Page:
Shelly became pregnant and, during an antenatal care appointment, tested positive for HIV. The news devastated her, as she believed that an HIV diagnosis meant her athletic career was over. Shelly was unaware of how to remain healthy while living with HIV, and so she soon became ill, weak, and lost a significant amount of weight. To add to this, she was unemployed and lacked the means to provide for her newborn son.

Attendees of the Global Maternal Health Conference 2013. {Photo credit: MSH.}Photo credit: MSH.

Management Sciences for Health (MSH) staff presenting at the Global Maternal Health Conference in Arusha, Tanzania, January 15-17, 2013. (Photo credits: C. Lander & J. Briggs / MSH)

Dr. Agnes Binagwaho is a pediatrician and serves as the Minister of Health of Rwanda. {Photo credit: dr-agnes.blogspot.com/}Photo credit: dr-agnes.blogspot.com/

The second Global Maternal Health Conference began yesterday in Arusha, Tanzania, as an intentional dialogue between scientists, researchers, implementers, advocates, policymakers, and media. More than 700 people (from about 2000 abstracts) were selected to attend and share knowledge on how to improve the quality of care and eliminate maternal deaths.

This is my first global maternal health conference --- but not my first maternal health conference. I keep wondering: how will this one be different?

As I went through the first day of sessions and informal exchanges, I couldn't help feeling like one person "stole the show". At lunch and dinner, the conversations kept coming back to the dynamic Dr. Agnes Binagwaho, the Minister of Health from Rwanda. She served as the keynote speaker in the opening plenary and a panelist for another session.

When you hear Dr. Agnes speak, you know she is smart and accomplished. And, talking with other attendees, it is clear that, regardless if participants agreed with her specific recommendations, Dr. Agnes' commitment, knowledge, logic, and candor are appreciated and needed in the conference conversation.

Women visit the SDSH-supported Marmont clinic in Haiti’s Central Plateau. {Photo credit: C. Gilmartin/MSH.}Photo credit: C. Gilmartin/MSH.

Late one April night in 2012, 19-year-old Ilionelle was struggling to give birth at her home in rural northwest Haiti. After several hours, she began having seizures, a clear indication of eclampsia, a severe medical disorder that can lead to the death of the mother and/or baby.

Ilionelle’s situation is not uncommon in Haiti, which has the highest maternal mortality rate in the Western hemisphere with 630 deaths per 100,000 live births. Fortunately, Tilma, the traditional birth attendant helping Ilionelle, quickly identified these life-threatening symptoms and arranged for her transport to Beraca Hospital for emergency obstetric care. After being carried on a stretcher for four hours along a steep and treacherous road, Ilionelle arrived at Beraca Hospital where she safely delivered a healthy baby boy. “If it wasn’t for Tilma, both my son and I could have died,” Ilionelle said.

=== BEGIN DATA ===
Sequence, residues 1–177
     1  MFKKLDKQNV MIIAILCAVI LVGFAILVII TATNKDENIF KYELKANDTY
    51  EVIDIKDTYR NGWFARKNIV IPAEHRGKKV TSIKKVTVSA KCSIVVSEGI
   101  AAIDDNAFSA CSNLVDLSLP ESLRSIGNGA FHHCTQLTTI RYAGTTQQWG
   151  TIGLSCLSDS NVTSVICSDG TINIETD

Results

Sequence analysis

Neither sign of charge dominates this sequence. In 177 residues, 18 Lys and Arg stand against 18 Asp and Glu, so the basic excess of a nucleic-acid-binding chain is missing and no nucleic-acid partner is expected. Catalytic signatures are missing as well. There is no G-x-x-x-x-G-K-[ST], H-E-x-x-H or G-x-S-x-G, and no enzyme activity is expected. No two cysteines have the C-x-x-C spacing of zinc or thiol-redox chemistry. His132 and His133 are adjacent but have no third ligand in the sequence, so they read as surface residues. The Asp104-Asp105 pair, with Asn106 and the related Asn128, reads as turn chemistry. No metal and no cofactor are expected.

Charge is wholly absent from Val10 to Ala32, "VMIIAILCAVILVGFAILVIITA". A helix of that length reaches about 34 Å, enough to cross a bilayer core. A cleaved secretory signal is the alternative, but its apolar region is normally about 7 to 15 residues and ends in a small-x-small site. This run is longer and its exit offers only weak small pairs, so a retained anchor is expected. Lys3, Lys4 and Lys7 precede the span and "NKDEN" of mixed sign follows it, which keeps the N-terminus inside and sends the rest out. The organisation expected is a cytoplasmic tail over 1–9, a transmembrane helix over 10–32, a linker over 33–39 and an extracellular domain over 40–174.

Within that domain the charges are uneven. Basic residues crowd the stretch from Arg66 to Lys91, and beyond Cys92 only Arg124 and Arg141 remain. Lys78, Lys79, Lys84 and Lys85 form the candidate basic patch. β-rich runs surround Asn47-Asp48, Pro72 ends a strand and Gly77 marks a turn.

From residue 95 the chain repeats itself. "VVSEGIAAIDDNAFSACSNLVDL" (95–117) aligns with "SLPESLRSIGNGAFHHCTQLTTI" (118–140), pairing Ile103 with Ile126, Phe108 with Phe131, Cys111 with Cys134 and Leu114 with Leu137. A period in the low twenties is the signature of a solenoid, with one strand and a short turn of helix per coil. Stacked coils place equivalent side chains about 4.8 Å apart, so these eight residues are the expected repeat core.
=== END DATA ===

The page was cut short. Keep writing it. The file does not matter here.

Tilma is among thousands of Haitians working to improve their nation’s health after recent years of misfortune.

When I worked in Smallpox eradication in the mid-1970s, I traveled all over northern India and Bangladesh. I never took malaria prophylaxis, because malaria had been cleared from those areas. Likewise, I did not take malaria prophylaxis when I worked in the Brazilian Amazon in the late-1970s. At that time, malaria was found only in gold miners in isolated tributaries of the Amazon. Now, due to our financial inability to continue high levels of malaria eradication activities worldwide in that time period, emergence of both anti-malarial and insecticide resistance, and spread of the mosquito vectors, all of these are heavily malaria endemic areas with a high mortality rate for pregnant women and children.

The World Health Organization (WHO) recently released the World Malaria Report 2012, summarizing 2011 data from 104 malaria-endemic countries and citing progress and challenges toward the eradication of malaria.

Tanzanian woman (Photo credit: MSH)Tanzanian woman (Photo credit: MSH)

Management Sciences for Health (MSH) invites you to attend the following sessions and poster presentations at the Global Maternal Health Conference in Arusha, Tanzania --- whether in person at the Arusha International Conference Center, or watching via archived videos online. (All times are listed in Eastern Africa Time: UTC/GMT +3 hours. Sessions will be recorded and available within 24 hours.)

Sessions: Tuesday, January 15

Improving access to essential maternal health medicines (Track 3): 13:30–15:00 · Simba

Moderator: Deborah Armbruster, USAID